Thursday, October 31, 2013

Sustainable Convenience

  
ONLINE EXCLUSIVE

      by Greg Kishbaugh

  At the recent Pack Expo show in Chicago, Illinois, Lynn Dornblaser with the Mintel Group gave a presentation on sustainability that hit on many important points for CPGs to consider. Not least of these is the idea that the altruistic nature of consumers must also be met with convenience to keep interest high.
     About one-third of respondents to Mintel’s various surveys would be considered Super/True Greens (shoppers who buy green products regularly), and 72 percent of consumers respond favorably to recyclability claims, but those described as “casually green” are on the rise.


     This shouldn’t come as a great surprise. Being environmentally active requires a good deal of work and commitment on the part of the consumer. It’s only human nature that the more difficult a goal is to attain, the increased likelihood people will fall away from it.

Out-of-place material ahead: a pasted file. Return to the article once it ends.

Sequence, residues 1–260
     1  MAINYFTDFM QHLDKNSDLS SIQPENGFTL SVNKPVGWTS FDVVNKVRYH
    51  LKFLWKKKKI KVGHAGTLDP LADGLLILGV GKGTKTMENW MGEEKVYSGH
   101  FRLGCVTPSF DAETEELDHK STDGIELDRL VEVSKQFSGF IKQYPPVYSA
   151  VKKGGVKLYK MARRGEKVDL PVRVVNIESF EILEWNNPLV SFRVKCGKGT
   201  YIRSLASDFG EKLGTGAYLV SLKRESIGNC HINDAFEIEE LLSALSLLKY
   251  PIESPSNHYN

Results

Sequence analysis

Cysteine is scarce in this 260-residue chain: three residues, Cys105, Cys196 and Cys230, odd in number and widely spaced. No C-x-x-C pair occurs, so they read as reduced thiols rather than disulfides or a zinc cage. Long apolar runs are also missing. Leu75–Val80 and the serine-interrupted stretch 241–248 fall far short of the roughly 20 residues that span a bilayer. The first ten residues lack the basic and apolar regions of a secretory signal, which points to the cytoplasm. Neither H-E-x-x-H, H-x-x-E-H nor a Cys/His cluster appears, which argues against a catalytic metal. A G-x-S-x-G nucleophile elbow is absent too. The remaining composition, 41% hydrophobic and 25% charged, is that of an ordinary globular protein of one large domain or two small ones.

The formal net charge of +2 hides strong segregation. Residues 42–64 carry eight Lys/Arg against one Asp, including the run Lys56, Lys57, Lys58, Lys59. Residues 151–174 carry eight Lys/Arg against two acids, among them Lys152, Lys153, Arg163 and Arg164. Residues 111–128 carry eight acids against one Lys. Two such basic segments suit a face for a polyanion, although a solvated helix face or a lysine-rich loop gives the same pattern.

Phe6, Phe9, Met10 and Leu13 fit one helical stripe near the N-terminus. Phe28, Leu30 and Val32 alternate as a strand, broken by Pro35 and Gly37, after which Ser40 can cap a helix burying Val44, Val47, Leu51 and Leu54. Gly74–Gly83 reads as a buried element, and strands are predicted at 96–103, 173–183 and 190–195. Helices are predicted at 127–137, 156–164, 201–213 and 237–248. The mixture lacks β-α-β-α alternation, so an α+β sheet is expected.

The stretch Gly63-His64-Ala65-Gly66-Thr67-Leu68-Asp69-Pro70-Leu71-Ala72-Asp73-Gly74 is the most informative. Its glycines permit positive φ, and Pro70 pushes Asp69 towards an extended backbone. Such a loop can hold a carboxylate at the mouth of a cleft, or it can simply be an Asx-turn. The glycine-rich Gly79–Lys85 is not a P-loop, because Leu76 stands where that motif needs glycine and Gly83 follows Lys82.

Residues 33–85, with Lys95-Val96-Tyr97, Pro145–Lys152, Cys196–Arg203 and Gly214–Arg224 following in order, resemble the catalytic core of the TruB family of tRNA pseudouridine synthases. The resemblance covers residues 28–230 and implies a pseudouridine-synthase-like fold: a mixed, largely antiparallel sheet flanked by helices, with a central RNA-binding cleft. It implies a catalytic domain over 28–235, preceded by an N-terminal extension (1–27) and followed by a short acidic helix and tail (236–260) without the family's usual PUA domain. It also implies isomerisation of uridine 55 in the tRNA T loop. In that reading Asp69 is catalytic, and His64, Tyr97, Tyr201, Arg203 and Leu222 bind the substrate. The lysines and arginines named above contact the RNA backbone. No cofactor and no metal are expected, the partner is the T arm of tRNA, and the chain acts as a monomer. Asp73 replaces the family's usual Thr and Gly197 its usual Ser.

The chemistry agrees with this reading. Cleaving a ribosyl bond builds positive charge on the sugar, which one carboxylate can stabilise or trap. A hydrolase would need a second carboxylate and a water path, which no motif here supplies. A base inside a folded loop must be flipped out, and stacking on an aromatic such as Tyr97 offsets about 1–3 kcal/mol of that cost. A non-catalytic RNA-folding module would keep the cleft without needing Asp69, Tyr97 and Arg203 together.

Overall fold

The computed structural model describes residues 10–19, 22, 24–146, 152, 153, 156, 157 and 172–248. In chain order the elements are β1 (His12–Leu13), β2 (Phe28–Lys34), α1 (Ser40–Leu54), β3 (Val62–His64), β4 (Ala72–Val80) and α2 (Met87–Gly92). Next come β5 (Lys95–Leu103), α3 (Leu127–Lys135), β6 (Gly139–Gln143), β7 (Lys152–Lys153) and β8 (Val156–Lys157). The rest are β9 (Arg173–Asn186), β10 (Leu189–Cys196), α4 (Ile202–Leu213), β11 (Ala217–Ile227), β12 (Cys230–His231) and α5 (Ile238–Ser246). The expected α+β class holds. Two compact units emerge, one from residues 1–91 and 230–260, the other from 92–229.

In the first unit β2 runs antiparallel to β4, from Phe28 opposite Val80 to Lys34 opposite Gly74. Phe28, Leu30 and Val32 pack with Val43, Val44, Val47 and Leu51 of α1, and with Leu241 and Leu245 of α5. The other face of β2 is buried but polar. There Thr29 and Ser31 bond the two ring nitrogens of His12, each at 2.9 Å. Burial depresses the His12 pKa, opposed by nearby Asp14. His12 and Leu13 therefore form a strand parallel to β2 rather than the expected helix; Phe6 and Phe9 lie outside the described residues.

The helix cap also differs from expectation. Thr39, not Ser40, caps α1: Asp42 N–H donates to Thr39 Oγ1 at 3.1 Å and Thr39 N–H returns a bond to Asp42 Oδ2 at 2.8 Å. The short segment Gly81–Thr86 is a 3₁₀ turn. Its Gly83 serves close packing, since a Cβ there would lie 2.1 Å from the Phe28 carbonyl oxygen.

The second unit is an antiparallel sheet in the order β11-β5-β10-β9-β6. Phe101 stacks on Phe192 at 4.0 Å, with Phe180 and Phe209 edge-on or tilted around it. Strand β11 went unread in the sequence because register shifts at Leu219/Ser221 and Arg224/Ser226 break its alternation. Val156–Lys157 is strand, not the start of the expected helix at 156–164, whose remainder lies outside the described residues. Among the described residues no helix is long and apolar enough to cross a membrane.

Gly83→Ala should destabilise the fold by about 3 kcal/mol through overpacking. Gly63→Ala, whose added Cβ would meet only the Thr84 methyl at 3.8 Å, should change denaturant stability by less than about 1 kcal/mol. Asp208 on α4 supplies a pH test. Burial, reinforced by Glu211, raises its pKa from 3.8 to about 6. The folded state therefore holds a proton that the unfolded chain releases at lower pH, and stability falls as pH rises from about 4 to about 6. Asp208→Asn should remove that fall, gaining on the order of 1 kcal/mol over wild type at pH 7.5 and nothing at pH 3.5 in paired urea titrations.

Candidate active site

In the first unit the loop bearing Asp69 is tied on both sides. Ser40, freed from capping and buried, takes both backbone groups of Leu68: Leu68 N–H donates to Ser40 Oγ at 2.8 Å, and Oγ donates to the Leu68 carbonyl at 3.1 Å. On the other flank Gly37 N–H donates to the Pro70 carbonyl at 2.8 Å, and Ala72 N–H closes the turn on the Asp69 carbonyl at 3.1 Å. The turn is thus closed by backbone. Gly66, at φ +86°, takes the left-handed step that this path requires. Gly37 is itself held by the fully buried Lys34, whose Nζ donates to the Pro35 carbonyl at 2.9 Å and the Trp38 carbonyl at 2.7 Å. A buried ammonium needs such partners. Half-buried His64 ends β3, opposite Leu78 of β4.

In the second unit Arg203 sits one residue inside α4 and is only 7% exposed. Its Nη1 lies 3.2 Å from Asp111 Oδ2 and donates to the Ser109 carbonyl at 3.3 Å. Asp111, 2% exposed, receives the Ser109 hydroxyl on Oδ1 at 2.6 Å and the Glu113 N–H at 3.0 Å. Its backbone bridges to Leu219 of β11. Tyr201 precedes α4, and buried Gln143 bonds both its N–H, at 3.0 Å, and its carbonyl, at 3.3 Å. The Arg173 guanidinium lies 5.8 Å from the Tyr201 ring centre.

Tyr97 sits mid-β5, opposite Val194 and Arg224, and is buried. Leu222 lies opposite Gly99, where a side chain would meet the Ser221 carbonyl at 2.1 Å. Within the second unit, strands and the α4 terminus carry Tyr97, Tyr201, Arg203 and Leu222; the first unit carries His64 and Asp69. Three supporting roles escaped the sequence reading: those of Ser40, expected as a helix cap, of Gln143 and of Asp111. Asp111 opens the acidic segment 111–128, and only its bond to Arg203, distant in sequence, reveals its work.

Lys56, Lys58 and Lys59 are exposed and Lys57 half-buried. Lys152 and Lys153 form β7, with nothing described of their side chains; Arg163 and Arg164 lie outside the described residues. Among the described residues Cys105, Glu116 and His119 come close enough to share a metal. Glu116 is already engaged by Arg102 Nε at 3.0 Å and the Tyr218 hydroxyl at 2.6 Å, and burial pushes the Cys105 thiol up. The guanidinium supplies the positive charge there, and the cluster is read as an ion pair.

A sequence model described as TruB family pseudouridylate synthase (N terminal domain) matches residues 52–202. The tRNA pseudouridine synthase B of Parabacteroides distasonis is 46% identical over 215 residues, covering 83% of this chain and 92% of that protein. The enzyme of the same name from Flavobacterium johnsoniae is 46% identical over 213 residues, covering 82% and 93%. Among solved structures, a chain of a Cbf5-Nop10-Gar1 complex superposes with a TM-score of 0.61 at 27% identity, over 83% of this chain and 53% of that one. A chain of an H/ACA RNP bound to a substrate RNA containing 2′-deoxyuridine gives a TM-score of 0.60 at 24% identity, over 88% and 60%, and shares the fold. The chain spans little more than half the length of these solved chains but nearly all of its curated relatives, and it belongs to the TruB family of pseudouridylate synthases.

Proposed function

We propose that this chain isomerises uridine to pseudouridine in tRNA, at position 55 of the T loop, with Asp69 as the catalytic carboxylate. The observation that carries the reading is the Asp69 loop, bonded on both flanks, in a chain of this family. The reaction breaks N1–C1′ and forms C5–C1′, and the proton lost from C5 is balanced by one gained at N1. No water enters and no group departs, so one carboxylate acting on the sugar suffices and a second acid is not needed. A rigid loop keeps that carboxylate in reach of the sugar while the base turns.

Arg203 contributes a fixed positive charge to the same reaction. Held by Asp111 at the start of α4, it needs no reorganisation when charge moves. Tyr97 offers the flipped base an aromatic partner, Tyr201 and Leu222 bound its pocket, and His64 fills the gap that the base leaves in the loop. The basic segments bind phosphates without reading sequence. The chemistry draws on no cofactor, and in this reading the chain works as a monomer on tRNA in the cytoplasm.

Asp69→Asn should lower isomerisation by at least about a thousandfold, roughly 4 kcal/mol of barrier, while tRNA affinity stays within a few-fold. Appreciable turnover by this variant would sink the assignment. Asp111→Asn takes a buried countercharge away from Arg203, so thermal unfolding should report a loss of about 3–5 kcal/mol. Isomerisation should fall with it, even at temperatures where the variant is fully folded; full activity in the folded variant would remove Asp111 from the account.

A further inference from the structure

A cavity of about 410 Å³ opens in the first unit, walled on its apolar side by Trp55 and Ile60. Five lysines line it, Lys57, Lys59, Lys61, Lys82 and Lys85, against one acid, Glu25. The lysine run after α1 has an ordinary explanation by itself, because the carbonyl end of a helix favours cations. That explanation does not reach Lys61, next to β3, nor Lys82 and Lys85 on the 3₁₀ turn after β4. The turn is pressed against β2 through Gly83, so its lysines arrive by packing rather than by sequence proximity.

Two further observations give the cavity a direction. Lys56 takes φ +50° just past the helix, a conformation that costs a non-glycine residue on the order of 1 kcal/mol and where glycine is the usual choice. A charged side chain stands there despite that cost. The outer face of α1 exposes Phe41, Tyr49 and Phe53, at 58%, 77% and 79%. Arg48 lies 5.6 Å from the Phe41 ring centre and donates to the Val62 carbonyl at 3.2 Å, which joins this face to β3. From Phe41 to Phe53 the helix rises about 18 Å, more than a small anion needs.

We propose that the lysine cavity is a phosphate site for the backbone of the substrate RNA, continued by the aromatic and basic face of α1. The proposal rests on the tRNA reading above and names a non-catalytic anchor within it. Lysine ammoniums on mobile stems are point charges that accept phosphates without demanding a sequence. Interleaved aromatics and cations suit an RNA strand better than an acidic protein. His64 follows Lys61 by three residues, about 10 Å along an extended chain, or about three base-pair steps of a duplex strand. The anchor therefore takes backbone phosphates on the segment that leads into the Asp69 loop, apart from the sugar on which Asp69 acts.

So, the easier CPGs can make it for consumers, with better designed packaging that clearly and effectively conveys its environmental benefits, the more success they will achieve.
     CPGS also must make consumers very comfortable with the fact that moving to more sustainable products will in no way affect quality. Recently, the efforts of one company to introduce a new lighter weight bottled water container was met with indifference when consumers felt the bottles were too ‘flimsy.’And who can forget the uproar that occurred when an increasingly sustainable chip bag was introduced to the marketplace but was deemed by consumers to be “too loud.”
     One thing is certain, the conversation over sustainability will change dramatically in the coming years, said Dornblaser, as today’s children come of age.
     “Increasingly, children try to get their parents to buy green products, indicating those children may be more environmentally active as they reach adulthood,” Dornblaser said. Mintel research indicates that in 2012, 26 percent of U.S. children aged 6-11 agreed with the statement, “I try to make my parents buy ‘green’ products.” This is more than double the 11 percent of children who said the same thing a decade ago.

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